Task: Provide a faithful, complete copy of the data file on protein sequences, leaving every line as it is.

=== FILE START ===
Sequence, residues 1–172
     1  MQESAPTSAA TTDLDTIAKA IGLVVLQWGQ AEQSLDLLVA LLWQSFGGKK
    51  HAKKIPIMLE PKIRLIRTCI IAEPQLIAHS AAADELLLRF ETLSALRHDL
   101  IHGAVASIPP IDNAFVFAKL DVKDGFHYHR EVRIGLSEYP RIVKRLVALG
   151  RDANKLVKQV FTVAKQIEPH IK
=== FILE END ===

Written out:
Sequence, residues 1–172
     1  MQESAPTSAA TTDLDTIAKA IGLVVLQWGQ AEQSLDLLVA LLWQSFGGKK
    51  HAKKIPIMLE PKIRLIRTCI IAEPQLIAHS AAADELLLRF ETLSALRHDL
   101  IHGAVASIPP IDNAFVFAKL DVKDGFHYHR EVRIGLSEYP RIVKRLVALG
   151  RDANKLVKQV FTVAKQIEPH IK